Female Infanticide

Another paper I wrote for a class, this time, about eight months ago.  The majority of it was written in an airport in California because I procrastinate.  A lot.

 

Young women in India seem to be disappearing.  There isn’t a date that can be pointed at to show when it started, but it is clear that the sex ratio in India is not what it should be.  For example, in Dehli there are only 821 women for every 1,000 men (Spinelli 17).  This is startling when compared with the 1,029 women per 1,000 men found in the US (Spinelli 17).  According to the Azad India Foundation, over 5 million girls have “disappeared” from India over a period of 15 years (Gray 4).  In nature there are generally more males born than females, but the ratios found in India are well beyond what one would find naturally (“The war on baby girls”).  Given these statistics, one could only assume that the dwindling of the female population in India can only be cause by unnatural events.

Infanticide is the intentional killing of infants (“Female Infanticide”). When a specific gender is targeted, these acts can be referred to as gender-selective killing, gendercide, or (when females are targeted) femicide (“Female Infanticide”).  The latter terms are more broad, however, and do not specify age.  Therefore, the widespread killing of female infants, and the reason for such distorted sex ratios in India, is generally referred to as female infanticide.

It’s difficult to determine who is really at fault in cases of infanticide in which a person’s entire culture accepts and facilitates the killing of infants – specifically girl infants – as completely normal (Spinelli 19).  In a manner of speaking, these people could be considered victims of their own upbringing, having been taught from a young age that girls aren’t as valuable as boys and that’s simply that way things are (Gray 5).  There isn’t a specific group of people that consistently engage in or abstain from committing infanticide (“The war on baby girls”).  Some would argue that the leading cause of female infanticide is poverty (Gray 4).  It could also be argued that it isn’t necessarily poverty, but the fact that having a girl forces her parents to part with a significant portion of any wealth they may have attained in the form of a dowry.  Generally speaking, no matter how wealth one becomes, one does not want to part with what defines his or her wealth.

In Western culture, parents would never dream of killing their own child and, for some, abortion bears the same weight.  One might find it difficult to understand why a parent would willingly murder a child for the sole reason that she just happened to be a girl.  In basic terms, the reason for such high prevalence of female infanticide in India is the simple fact that girls are undesirable (Spinelli 17.)  As a human rights issue, the complexity of female infanticide lies not in how it is done or what can be done about it, but rather in the way the conditions in a culture form so as to make it an acceptable practice.

Modern female infanticide is the product of an ancient preference or boys and an increasing preference for smaller families – a preference imported to India from the West (“The war on baby girls”).  Boys are preferred for financial reasons: because they bring money into the family in the form of their brides’ dowries (Vargas).  Even though dowries have been made illegal, it persists as a part of Indian tradition (Gray 5).  A dowry, which is paid to the groom’s family by the bride’s family, may typically cost around US$35,000, which is ten times the typical yearly income for an Indian family (Gray 5).  This, coupled with the fact that families (especially of the lower class) will not readily go into debt for their daughts to marry clearly shows a significant aspect of why boys are preferred (Gray 5).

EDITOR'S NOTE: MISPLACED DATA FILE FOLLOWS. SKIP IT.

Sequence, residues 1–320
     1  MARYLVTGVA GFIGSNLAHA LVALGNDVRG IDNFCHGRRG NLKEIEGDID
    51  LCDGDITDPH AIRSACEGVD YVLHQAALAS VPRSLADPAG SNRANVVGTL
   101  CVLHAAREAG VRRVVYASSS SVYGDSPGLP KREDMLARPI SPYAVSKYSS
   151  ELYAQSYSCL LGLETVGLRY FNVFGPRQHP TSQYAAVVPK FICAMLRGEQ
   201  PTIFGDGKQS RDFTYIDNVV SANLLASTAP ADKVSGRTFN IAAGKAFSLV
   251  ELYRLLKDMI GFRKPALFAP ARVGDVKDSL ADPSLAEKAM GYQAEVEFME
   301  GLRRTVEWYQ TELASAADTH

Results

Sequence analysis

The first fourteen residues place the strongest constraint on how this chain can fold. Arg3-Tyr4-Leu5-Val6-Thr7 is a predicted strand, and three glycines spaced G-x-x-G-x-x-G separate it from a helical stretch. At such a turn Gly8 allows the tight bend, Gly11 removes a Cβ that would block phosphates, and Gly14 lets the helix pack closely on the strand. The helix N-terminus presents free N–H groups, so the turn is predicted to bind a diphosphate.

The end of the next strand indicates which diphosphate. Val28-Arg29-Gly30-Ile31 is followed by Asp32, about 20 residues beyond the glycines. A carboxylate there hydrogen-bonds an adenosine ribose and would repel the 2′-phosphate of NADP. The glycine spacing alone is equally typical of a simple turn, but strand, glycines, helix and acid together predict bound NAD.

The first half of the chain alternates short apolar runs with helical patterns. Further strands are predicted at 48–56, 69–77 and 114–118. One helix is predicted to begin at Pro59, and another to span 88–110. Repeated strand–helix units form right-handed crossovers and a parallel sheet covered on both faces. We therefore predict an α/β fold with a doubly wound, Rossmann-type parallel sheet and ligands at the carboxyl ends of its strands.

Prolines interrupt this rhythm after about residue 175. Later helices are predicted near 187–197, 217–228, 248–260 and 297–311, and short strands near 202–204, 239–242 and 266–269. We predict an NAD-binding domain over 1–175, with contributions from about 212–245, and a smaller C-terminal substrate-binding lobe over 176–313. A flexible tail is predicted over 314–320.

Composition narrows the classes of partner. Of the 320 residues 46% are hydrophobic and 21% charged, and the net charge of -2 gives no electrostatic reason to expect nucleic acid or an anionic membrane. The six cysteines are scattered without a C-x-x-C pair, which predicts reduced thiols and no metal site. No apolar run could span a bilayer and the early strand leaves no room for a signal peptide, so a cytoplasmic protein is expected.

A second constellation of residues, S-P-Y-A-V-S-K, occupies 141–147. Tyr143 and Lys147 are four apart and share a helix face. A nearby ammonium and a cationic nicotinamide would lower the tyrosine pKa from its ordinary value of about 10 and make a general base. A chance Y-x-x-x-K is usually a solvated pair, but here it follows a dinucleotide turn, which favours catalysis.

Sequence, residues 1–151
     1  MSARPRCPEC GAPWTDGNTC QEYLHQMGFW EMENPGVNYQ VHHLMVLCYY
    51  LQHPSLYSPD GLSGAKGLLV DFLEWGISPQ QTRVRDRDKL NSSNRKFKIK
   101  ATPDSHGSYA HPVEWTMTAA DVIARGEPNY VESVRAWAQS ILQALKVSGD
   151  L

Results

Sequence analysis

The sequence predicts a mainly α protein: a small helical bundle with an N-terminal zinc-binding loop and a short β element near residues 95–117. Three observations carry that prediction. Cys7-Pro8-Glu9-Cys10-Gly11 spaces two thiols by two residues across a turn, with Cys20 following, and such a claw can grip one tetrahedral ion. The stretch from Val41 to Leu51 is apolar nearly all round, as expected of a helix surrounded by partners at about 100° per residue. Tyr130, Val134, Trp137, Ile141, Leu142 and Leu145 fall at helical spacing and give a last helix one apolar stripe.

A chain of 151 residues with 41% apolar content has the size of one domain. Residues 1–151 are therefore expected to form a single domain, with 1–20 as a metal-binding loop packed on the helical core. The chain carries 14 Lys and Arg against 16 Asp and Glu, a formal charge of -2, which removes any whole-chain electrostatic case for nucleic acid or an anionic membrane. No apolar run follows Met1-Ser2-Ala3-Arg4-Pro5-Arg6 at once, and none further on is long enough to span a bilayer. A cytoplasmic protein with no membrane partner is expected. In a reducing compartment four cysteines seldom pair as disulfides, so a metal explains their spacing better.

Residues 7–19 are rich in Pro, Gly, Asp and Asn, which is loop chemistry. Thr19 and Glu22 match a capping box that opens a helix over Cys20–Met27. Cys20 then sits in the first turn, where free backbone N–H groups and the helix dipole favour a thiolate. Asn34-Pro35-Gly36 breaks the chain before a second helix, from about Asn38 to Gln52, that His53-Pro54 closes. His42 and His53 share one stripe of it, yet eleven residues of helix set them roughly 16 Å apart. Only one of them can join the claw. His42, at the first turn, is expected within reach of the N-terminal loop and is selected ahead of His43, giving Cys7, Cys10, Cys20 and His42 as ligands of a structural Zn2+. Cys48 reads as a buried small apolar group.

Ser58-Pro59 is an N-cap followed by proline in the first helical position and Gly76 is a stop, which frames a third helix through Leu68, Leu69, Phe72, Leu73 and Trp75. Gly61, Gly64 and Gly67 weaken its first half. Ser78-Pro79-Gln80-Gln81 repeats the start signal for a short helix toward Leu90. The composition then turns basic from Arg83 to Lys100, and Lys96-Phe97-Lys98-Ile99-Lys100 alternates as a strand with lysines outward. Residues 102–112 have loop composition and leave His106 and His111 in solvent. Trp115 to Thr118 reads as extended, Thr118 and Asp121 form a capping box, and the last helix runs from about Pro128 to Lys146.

As was mentioned above, one of the forces at work is the growing desire to have smaller families and fewer mouths to feed.  This is seen as a contributing factor in gendercide because, in societies where having many children was common, eventually at least one or two boys would come along (“The war on baby girls”).  With parents less willing to have six or eight children, they have fewer chances to have boys, so they eliminate the daughters to keep their numbers low but still have boys (“The war on baby girls”).  Similarly, in China parents are forced to limit the number of children they have with apparent consequences to the sex ratio.  With a similar preference for boys, the number of Chinese girls being born also appears to be shrinking.

Along with dowries, the Indian government has also made it illegal to use as ultrasound machine to determine the sex of a fetus (Vargas).  Also, just like a dowry laws, sex-determination test laws are ignored and clinics operate in the open where a woman can go to find out the sex of her unborn child (Vargas).  The sex-determination tests are ususally done by those who would seek an abortion upon discovering their child will be a girl, which is the very reason they were made illegal.  The tests were made illegal in the hope of making the sex ration more balanced, but only served to increase the incidences of infanticide and abuse as unwated girls were born into families that could not afford them (Mohanty).

Not all parents so willingly kill or abort their girls.  When she was six weeks pregnant, pediatrician Mitu Khurana and her husband (who is also a doctor) were told they was having twins and then the pressures began coming from her husband’s family to have an ultrasound to determine the genders.  When she refused, her husband’s family gave her a cake baked with eggs, knowing she was allergic.  After she was rushed to the hospital, they convinced doctors to do an ultrasound against Mitu’s wishes.  The family found out that she was carrying two girls and told Mitu that she should have an abortion or have one of them kiled because the family could not afford to have two daughters.  In an attempt to get her to miscarry, Mitu says her husband and his family tortured and starved her until she finally left for her parents’ house and gave birth to her two daughters (Vargas).

However, Mitu’s story doesn’t end with the happy birth of her twins.  Mitu’s mother-in-law tried to kill one of her daughters when she was four months old by throwing her down a staircase.  Her husband wants a divorce because she didn’t give him a son.  In Mitu’s own words, “He hates me” (Vargas).